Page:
Two weeks ago, the ministry of defence approved issuance of request for proposals (RFP) to build six new conventionally powered submarines for the Indian Navy.
The Project 75 India (75I) tender, with an estimated value of around Rs 43,000 crore, envisages the construction of submarines that are larger than any of the existing class of diesel-electric submarines in the Indian Navy. The Project 75I submarines are required by the Indian Navy to have 'air-independent propulsion' (AIP), which is the capability to operate and recharge their batteries without use of atmospheric oxygen. Diesel-electric submarines typically run their diesel engines on the surface in order to recharge their batteries that are used for operations underwater. In addition, the Project 75I class submarines should also have the capability to launch land-attack cruise missiles.
The ministry of defence has earmarked state-run Mazagon Dock Shipbuilders Limited (MDL) and L&T as the shipyards that will build the chosen submarine design. Companies from Germany, Spain, Russia, France and South Korea have been shortlisted to bid in the contract.
Little over a decade ago, South Korea was barely known as an exporter of submarines. In 2011, South Korea's Daewoo Shipbuilding & Marine Engineering Co.,Ltd. (DSME) won a contract valued at $1.1 billion to supply three upgraded 'Type 209' submarines to Indonesia. The Type 209 was a German-designed submarine exported widely; its users include the Indian Navy.
Since the Indonesian contract, DSME has continued to pursue more submarine export contracts, while building the advanced Dosan Ahn Changho class of indigenously designed submarines for the Republic of Korea (ROK) Navy. The ROK Navy has a requirement for a total of nine Dosan Ahn Changho submarines, which will be built in three batches. In addition to being capable of firing torpedoes and missiles from their torpedo tubes, the Dosan Ahn Changho class is unique in having six vertical launch tubes for cruise missiles. This has been a design feature primarily seen on nuclear submarines of the US and Russia and rarely seen on diesel-electric submarines.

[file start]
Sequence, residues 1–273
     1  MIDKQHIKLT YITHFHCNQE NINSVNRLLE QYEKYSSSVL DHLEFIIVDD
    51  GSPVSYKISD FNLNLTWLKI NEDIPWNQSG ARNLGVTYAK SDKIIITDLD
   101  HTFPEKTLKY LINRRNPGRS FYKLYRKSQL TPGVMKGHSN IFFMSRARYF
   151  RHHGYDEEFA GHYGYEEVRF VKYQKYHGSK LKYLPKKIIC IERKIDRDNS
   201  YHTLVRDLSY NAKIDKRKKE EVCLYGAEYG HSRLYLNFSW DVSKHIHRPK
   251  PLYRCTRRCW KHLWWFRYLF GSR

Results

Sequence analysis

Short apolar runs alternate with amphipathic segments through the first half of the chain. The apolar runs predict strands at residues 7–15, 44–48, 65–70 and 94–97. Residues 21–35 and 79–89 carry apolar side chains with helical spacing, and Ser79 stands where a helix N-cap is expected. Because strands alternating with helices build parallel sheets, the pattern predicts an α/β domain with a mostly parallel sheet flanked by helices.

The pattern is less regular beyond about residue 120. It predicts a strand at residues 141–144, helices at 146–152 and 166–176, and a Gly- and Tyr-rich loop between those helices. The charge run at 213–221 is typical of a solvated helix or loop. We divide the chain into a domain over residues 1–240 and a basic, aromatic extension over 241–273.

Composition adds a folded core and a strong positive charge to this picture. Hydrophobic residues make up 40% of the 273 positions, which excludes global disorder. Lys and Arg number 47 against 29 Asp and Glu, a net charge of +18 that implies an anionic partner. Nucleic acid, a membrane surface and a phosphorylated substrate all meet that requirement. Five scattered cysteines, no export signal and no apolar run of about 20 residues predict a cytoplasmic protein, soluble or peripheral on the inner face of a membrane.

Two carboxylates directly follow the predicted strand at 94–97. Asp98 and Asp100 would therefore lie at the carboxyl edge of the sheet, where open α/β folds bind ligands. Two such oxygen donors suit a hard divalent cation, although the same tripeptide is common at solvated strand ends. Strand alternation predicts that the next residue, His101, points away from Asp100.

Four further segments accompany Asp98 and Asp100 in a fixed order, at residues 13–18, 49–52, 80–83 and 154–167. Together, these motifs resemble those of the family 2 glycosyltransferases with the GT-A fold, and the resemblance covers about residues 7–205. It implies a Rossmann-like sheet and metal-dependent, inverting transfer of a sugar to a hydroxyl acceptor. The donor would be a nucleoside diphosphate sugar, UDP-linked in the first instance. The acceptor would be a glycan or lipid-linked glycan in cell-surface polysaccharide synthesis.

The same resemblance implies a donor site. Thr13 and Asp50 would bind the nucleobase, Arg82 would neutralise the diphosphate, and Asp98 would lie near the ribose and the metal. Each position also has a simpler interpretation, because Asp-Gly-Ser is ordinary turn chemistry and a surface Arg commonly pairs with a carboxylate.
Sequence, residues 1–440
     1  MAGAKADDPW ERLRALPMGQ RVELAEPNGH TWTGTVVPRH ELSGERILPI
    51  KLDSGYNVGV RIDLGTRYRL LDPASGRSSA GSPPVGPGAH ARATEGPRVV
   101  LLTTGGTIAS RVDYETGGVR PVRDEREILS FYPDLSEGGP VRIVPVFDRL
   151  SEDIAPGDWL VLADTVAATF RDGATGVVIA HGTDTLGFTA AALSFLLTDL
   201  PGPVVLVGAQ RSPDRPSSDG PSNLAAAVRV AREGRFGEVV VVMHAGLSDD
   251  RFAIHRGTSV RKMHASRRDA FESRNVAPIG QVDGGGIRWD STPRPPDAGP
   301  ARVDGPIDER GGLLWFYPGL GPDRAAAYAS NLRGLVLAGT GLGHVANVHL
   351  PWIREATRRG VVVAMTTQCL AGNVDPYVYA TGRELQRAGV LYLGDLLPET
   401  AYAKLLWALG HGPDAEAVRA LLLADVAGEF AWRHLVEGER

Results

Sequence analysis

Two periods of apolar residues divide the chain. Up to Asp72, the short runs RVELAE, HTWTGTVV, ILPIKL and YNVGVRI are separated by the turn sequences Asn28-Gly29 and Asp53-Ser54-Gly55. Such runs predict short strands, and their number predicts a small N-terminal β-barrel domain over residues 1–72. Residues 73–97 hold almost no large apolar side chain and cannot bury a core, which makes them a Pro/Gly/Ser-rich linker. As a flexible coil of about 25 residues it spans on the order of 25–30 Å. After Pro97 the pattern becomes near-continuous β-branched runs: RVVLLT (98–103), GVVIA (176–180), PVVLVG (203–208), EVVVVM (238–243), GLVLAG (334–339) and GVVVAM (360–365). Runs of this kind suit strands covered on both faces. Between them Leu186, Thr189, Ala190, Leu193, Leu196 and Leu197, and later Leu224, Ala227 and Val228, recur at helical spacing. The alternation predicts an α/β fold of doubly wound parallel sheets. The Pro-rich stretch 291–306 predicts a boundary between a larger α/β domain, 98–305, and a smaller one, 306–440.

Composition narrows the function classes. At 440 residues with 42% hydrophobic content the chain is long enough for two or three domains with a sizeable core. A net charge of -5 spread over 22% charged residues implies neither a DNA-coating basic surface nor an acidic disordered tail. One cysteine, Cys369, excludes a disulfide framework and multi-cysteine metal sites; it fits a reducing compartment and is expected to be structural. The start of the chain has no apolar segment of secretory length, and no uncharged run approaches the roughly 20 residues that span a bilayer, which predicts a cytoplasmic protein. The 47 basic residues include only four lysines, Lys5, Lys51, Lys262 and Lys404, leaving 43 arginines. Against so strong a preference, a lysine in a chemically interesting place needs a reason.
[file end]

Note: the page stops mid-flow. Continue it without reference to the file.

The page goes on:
In 2019, media reports said DSME had made a 'surprise' entry as a bidder in the Project 75I competition.
DSME is offering to supply the Indian Navy the DSME3000, a variant of the Dosan Ahn Changho submarine. At the recent International Maritime Defense Industry Exhibition (MADEX), a defence exhibition in South Korea, DSME showcased a model of the DSME3000.
Naval News, a defence website, on Wednesday gave details of the DSME3000 submarine. The DSME3000 will have a length of 83.5 metres and a beam of 9.7 metres, making it substantially larger than the Scorpene class boats in the Indian Navy, which have a length of 67 metres and beam of 6.2 metres. The larger dimensions, typically, allow for greater fuel and equipment load and weapons storage.
A DSME representative told Naval News that the DSME3000 would have lithium-ion batteries. Traditionally, diesel-electric submarines have used lead-acid batteries for underwater propulsion. Lithium-ion batteries are lighter in weight and have more power density, meaning they can provide more endurance while offering lower maintenance costs compared with lead-acid batteries. In March last year, Japan commissioned a submarine that uses lithium-ion batteries instead of lead-acid ones. South Korea is also working to install lithium-ion batteries on its submarines. Interestingly last year, the Indian Navy solicited proposals to develop a ‘high-capacity' lithium-ion battery system that can be retrofitted to submarines currently using lead-acid batteries.
The DSME representative told Naval News, "We are the most advanced in this regard amongst our competitors. We created a replica of the submarine’s battery system and completed quality control tests already. We plan on integrating the system into the second batch of Dosan Ahn Changho class submarines as well... Our lithium batteries are far more efficient than traditional lead-acid ones. This means they don’t have to be charged as often, allowing the submarine to stay submerged for longer. Moreover, they can be charged twice as often before they have to be replaced.”
The representative also mentioned the DSME3000 could be fitted with an air-independent propulsion system based on a hydrogen-oxygen fuel cell. The DSME representative claimed the DSME3000 would be "one of the most capable submarines" in terms of underwater endurance, without providing details. In December 2020, DSME announced that the first Dosan Ahn Changho submarine, which is equipped with a fuel cell system, had broken the world record for "longest continuous operation". Without giving details, DSME claimed the submarine demonstrated a 30 per cent increase in continuous underwater operation compared with similar submarines.
The ROK Navy has been using a hydrogen-oxygen fuel cell AIP system of German origin on its older Type 214 class submarines. In 2013, a German Navy submarine, the U32, which was fitted with the same fuel cell AIP system, transited from Europe to the US spending 18 days underwater. Interestingly, the DRDO is developing a phosphoric acid fuel cell that is intended to provide up to 14 days of underwater endurance for Indian Navy submarines.
The representative added that the DSME3000 on offer to the Indian Navy will not be equipped with vertical launchers for missiles, but told Naval News, "We will be able to add new features to meet the Indian Navy’s needs." The DSME representative claimed South Korea may offer the Indian Navy a 'package deal' of submarines and submarine rescue vessels.